Hey Space Cadets, how are you today? I’m doing well, forcing myself to stop watching the book rankings so I can resume the work of writing. Hey, book three won’t write itself!! Operation Breakout currently sits at 38k words and I wish to break 40k by the New Year, with a goal of having it to my editor by the end of January. After that we should be on track for Boss Man to do his pre-publication magic in February 2017. Maybe you could gift that special someone a military science fiction novel for Valentines? Okay, maybe a vacuum would be a better choice!! Eww, eww, eww… or a dishwasher!! Anyway, back to work as usual today!
While trying to catch up on reading the blogs I follow, I stumbled across an unread post my editor’s page. I found an interesting article about managing writing as busy parents and decided to get in on the action. First, read Corey’s post and comment and then hop on back here to read and comment! It should make for an interesting discussion, and we would love for you to be a part of it!! And yeah, I got his permission to use his blogging topic. He even promised he’d leave the light on for ya when you mosey on over!!
How do you balance work, home, writing, love, and life?
Right now, I’m a housewife and do my best to keep the home fires burning while my wife goes back to school. Before that, I did the same thing while she worked. Mostly this means keeping the kids at bay while she studies, or cleaning and prepping the meal so we can eat as a family. She is in the Speech Language Pathology degree program, seeking her bachelor’s degree with plans for a masters afterwards. She was motivated to learn, since our youngest has special needs that prompted her to go into a field of work where she could help him as well. To be honest, she was also motivated by what she has had to do to help me with my own injuries as well. Since we stress the importance of school, she does her homework while the boys do theirs at the table. It is very much a partnership, and she covers for me in the evenings for the Friday writing meet-up. She covers for me when I need to Skype the Boss Man, and generally keeps the chaos at bay. We make time for each other once the kids are in bed, and our folks watch the kids so we can have date nights.
How has becoming a parent changed your outlook on writing and reading?
I always told stories in my head, but I started vocalizing them to the kids as they were little. After I’d finished a book, I would tell myself fanfic type stories in the universe with the main characters I loved. Basically, it was my way of not letting a good story end. With kids, I told them crazy stories because I can’t sing to save my life. I sung them Army cadences as lullabies and told them goofy stories to make them giggle. After the writing therapy started, my hope was to leave my sons parts of me, before the TBI turned to dementia or I got struck by lightning.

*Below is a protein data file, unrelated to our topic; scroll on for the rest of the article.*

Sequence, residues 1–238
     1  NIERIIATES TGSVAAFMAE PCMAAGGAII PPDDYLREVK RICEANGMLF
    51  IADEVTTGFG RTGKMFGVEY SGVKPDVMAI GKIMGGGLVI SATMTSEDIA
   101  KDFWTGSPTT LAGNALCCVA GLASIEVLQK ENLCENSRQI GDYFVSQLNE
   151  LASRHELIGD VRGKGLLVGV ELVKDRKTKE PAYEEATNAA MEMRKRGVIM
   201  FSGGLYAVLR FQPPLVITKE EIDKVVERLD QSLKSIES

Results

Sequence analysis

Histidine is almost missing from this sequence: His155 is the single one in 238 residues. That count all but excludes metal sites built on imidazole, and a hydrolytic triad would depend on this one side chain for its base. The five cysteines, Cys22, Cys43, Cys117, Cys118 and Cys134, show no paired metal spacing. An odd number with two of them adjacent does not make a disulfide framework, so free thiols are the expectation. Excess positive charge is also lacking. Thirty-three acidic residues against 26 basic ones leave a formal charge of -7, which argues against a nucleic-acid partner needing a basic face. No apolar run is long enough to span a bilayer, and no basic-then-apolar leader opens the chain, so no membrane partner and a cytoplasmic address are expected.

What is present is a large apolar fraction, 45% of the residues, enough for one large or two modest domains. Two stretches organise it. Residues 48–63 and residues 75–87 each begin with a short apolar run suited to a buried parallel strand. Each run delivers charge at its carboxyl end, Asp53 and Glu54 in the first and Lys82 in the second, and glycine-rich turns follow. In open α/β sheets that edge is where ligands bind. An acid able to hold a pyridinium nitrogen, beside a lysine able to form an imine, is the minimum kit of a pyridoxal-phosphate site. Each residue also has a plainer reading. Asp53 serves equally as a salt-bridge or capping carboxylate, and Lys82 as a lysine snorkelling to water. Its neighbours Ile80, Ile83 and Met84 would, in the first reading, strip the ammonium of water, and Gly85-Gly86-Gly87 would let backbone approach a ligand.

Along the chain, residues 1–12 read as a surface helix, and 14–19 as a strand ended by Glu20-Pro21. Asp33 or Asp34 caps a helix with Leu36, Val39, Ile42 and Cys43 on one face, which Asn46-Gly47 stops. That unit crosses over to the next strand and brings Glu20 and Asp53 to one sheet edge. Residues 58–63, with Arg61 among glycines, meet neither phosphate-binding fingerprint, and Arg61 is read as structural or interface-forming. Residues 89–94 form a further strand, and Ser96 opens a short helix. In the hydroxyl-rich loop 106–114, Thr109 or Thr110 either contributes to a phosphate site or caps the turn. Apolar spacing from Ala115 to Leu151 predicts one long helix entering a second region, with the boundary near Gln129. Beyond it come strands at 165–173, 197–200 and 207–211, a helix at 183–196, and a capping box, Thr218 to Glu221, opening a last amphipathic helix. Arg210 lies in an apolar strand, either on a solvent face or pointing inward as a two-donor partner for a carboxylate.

What’s the biggest misconception you’ve faced with stay-at-home parenting, or parenting in general?
That it was easier than working, for sure! And that somehow being a stay-at-home dad was emasculating. To be honest, my injuries are why I couldn’t work, but I’m not one to sit around watching daytime television so I took to the housewifery.
As a parent, where do you go to write? When is the best time for you to write?
Right now, my office is in the dining room, so I sneak out to coffee shops or a weekly write in at Panera. Mainly I just write while the kids were asleep or at school. Luckily my boys are old enough to be in school full time (8 & 10), so it isn’t as difficult to work around.
Why do you write, and how does that reason impact your writing?
I write to excise my demons from Iraq, to leave a part of myself for my sons and to be whole. It helps me stay calm, which helps me be a better parent. And if we end up making the JK money, I won’t say no or send it back!!
Until next time, stay frosty and don’t forget to keep your powder dry!
–> As usual, all images came from the Google’s “labeled for reuse” section.